I notice, that in the wake of this news, Bitcoins are down 17% and holding steady at around $500. Similar things have happened recently after Silk Road imploded, or this or that cache of millions of dollars' worth of Bitcoins got stolen: the price dropped sharply but not through the floor. In other words, it behaved more or less like you'd expect a stock or commodity or currency to in a minimally healthy market.
So if Bitcoin ideologues (e.g., people who care about the concept on privacy grounds over and above the profit they're hoping for) are looking for a reason to feel better, I'd say there's at least first-pass evidence that Bitcoins have graduated from "100% pure uncut speculation" to "lousy investment," a distinction with an enormous difference. I still think that Bitcoins are going to be the last major failed cryptocurrency rather than the first successful one, but in a way this seems like a hopeful sign.
dnebdal — 2014-02-25T11:19:12-05:00 — #13
The main problem is that it took forever to get money out of them even if you just wanted to convert BTC to USD. We mined a bitcoin a while ago, and sold it before Christmas at about $1000. We still haven't got that money, and by the looks of it we never will.
(Not that I'm surprised. Electricity was fairly cheap and it was more of a gamble.)
ambiguity — 2014-02-25T11:50:02-05:00 — #14
Keep in mind that the centralization is not part of the technology platform.
I have no strong feeling about Bitcoin as a currency (but if informed people want to speculate with it, that's fine by me, but they should know what they're getting into), but as a method of creating systems of non-centralized, distributed trust the platform has merit, and I think we'll see interesting things come out of it. IMO the main interesting thing about Bitcoin is precisely this. There is no need for centralization -- in fact, the system works much better without it, as a concentration of computational power actually opens it up to manipulation and other nefarious things (this has to do with how blocks are accepted into the chain, but the specifics of which are probably beyond the scope of a random forum posting).
At its most basic level Bitcoin is a technology that could actually be used to help
ensure that decentralization remains a feature of the Internet. Much has been written about the currency aspect of Bitcoin, but most the folks who are thinking/pondering/working in the space are actually trying to figure out how the technology can be extended to be brought to bear on other, worthwhile problems. When I first got on the Net it was all computer information and NASA sites. The Net became what it did because a lot of people asked "hmm, what else can we do with this?" And that's happening now with Bitcoin. What will ultimately come from it? It's hard to say, and it's possible that the world doesn't really have an appetite for distributed crypto-currencies, but my guess is that some interesting things may come from it regardless.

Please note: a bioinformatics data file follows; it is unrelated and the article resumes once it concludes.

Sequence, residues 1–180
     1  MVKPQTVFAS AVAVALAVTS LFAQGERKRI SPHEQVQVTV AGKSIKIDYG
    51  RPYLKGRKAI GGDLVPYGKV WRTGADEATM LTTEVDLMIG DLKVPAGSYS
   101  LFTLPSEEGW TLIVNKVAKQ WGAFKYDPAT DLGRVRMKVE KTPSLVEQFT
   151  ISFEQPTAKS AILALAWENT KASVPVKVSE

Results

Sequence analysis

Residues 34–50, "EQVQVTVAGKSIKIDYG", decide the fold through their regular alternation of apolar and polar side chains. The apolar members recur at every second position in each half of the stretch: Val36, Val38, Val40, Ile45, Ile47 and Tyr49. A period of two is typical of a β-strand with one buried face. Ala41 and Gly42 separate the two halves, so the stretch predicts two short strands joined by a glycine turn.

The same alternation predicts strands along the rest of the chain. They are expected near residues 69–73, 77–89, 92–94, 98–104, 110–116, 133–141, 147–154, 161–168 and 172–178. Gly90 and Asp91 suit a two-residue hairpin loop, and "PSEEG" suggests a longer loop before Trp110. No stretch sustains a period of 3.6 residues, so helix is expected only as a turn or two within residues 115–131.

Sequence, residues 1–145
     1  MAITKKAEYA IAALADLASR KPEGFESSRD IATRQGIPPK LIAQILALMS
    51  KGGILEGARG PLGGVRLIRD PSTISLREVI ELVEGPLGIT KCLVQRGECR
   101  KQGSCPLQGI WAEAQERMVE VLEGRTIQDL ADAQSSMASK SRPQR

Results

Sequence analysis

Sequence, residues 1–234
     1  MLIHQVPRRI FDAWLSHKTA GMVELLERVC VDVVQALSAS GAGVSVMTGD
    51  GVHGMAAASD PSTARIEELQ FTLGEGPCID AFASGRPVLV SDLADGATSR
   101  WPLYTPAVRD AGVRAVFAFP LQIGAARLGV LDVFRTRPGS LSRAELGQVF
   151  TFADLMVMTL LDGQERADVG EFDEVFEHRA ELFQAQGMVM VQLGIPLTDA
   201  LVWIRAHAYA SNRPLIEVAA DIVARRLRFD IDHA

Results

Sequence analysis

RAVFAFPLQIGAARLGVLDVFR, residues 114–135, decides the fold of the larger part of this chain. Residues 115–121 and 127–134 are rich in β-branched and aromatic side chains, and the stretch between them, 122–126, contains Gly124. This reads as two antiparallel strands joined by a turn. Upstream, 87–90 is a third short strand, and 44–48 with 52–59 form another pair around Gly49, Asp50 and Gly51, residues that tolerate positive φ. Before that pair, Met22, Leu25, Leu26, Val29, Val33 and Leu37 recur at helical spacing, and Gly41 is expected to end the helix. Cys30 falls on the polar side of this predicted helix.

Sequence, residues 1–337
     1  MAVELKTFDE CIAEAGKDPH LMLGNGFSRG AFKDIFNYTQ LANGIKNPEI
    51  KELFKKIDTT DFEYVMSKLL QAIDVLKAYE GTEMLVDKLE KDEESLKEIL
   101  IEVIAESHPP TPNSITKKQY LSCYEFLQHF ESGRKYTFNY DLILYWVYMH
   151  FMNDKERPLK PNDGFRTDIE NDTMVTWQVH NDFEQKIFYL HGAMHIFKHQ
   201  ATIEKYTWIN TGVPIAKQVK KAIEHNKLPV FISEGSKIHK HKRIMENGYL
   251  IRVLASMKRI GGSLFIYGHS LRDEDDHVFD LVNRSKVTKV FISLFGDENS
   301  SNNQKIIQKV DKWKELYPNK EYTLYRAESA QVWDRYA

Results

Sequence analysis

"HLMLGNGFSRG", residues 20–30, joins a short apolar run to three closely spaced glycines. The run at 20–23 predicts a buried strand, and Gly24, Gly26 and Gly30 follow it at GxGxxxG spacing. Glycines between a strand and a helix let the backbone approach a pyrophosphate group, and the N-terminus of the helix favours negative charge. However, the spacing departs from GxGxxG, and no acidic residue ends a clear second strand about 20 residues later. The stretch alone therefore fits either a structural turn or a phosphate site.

The centralization you see says more about people than it does about the actual technological platform. As a rough analogy: the fact that Amazon more-or-less dominates the book market has nothing to do with the web's technology and a lot to do with how people buy things and a lot to do with base economics that have nothing to do with "on-line." In theory the net is a democratization of information; in practice this democratization is often irrelevant given our disposition to forming herds.
ackpht — 2014-02-25T12:02:17-05:00 — #15
Who could possibly have seen this coming?
acerplatanoides — 2014-02-25T12:34:40-05:00 — #16
Bubbles are full of hot air, film at eleven
agraham999 — 2014-02-25T12:42:35-05:00 — #17
speculation a good thing...where have I heard that before? (cough Wall Street cough)
cservant — 2014-02-25T12:47:28-05:00 — #18
But unlike a stock. You can't cash out quickly.
galaxies — 2014-02-25T12:50:55-05:00 — #19
The founders & that $375m are on their way to mootxico as we speak:money_with_wings:
cservant — 2014-02-25T12:54:31-05:00 — #20